Fabio Aru was the first man down for UAE Team Emirates, abandoning early on Stage 9. A member of the team staff attacked him in Italian media, Giuseppe Sarroni viciously attacking Aru's mental health in a stigmatising assault that has little place in modern discussions around mental conditions.
Davide Formolo was the next to be lost to Pogačar's support team, with the Italian climber during a tricky Stage 10 which saw a number of nasty crashes. Formolo was one of the unlucky ones, falling and breaking his collarbone. He managed to finish the stage, but his fate was confirmed after the race and he did not start the eleventh stage.
"Losing Formolo yesterday was really a big blow because he's such a strong kid," said Peiper, "good for the group, good for the vibe in the team. Two men down and both mountain men so we're just left with a couple of helpers.
"David De La Cruz who had a cracked coccyx in the first week and is still recovering and Jan Polanc so it's getting a bit thin up there."
The remaining members of the team are sprinter Alexander Kristoff, experienced campaigner Marc Marcato and Vegard Staede Laengen, who whilst a handy climber, isn't recognised as being at the same level as climbers present at the Tour.
David McKenzie asked the question of how Aru was faring after his abrupt exit from the Tour, how he was physically as well as how he was doing mentally.
"I think both of those things are under the microscope Dave," said Peiper. "He wasn't good Saturday."
"I think more to the point it had been made clear to him there was only one objective and that was Tadej maybe that played mentally on him as well that he was going to have to step into that lieutenant role.
"Speaking of Tadej. He's such an exciting prospect isn't he to watch? Normally we would say a 20-year-old still, they'll get tired in the third week but I made that mistake in the Vuelta last year. You guys must be so excited about this next 10 days. Is the sky the limit for Tadej?"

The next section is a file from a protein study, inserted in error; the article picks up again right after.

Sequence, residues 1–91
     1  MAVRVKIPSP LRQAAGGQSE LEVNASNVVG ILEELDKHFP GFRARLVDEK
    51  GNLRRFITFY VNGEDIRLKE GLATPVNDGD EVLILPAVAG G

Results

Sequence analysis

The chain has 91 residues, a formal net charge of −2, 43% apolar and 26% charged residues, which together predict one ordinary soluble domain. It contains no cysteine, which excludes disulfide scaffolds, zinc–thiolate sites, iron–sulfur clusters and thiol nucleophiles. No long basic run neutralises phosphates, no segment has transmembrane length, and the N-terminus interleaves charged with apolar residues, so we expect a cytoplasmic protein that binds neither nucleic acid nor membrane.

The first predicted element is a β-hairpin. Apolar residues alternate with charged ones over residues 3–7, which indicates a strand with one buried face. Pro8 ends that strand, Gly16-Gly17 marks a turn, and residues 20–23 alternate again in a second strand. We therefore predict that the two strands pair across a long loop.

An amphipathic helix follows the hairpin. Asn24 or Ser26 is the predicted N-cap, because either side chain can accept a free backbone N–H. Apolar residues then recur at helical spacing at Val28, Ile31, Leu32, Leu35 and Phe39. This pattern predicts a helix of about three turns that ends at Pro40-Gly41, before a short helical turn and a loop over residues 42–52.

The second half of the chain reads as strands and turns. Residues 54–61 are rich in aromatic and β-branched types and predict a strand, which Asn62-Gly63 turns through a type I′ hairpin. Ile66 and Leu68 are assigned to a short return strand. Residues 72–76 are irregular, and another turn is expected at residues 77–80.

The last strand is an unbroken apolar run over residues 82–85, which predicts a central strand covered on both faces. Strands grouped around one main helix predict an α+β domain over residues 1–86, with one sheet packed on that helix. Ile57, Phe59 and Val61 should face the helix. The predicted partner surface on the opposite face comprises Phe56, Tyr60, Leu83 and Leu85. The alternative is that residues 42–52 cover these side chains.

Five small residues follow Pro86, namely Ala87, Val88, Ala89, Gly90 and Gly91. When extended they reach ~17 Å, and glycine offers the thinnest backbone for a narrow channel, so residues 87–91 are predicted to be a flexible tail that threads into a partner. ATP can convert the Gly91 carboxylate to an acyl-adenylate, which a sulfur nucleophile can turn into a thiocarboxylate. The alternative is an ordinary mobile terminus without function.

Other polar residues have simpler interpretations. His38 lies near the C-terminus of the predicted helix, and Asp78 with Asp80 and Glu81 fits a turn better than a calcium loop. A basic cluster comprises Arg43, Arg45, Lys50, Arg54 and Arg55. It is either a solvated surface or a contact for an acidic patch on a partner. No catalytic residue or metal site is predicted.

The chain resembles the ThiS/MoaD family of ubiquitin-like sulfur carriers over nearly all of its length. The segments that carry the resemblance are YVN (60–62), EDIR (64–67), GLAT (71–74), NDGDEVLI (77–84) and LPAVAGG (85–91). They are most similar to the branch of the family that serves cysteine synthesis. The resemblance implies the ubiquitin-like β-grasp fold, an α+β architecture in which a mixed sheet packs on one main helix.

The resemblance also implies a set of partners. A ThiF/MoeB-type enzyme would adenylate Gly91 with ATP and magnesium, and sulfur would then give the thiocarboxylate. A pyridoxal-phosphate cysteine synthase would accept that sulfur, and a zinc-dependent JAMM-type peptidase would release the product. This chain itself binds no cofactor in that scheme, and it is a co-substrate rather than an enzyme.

The rise of Pogačar is part of a growing generation of youngsters that are excelling within the sport, with Pogačar announced by UAE Team Emirates as entering the Tour as a co-leader with Aru, though clearly that was just as a smokescreen for the team's true Pogačar ambitions. The young Slovenian attacked on Stage 8 and took 40 seconds on his main rivals for the yellow jersey and then went on to win Stage 9 from his countryman and current leader of the Tour, Primož Roglič.
"Well it's all about confirmation but I think he's confirmed already last weekend and the level that he's at," said Peiper of Pogačar. "I would've preferred that he kept it under wraps a bit longer. But he did have some time to make up so all in all it's a good place to be in.
"We won a stage, he's moved up on GC again. But everyone is aware of how good he is."
Peiper looked ahead to the key mountain stages that will shape the general classification battle at the race.
"The last week is going to be very defining," said Peiper. "From Friday onwards the Puy Mary and the Grand Colombier, they're also going to be quite decisive. So it's a bit of a worry he's going to be alone."
UAE Team Emirates will presumably try to rely on Jan Polanc as their domestique for the mountains, with the two-time Giro d'Italia stage winner the best rider in the mountains remaining on the squad.
"We really have to manage our energy as good as we can," said Peiper. "In a way, they know he doesn't have a team and if they don't step in and recitfy a situation in the race they might also lose out. That could work our way in the long run tactically."
Peiper's task will be cut out for him as he attempts to navigate his young charge to a maiden Grand Tour win with a weakened team.
The Tour de France continues tonight with Stage 12, the longest of this year’s race, a 218-kilometre course similar to an Ardennes classic from Chauvigny to Sarran. Watch the race on the SBS ŠKODA Tour Tracker from 7.40pm AEST, with television coverage starting from 9.30 AEST on SBS HD.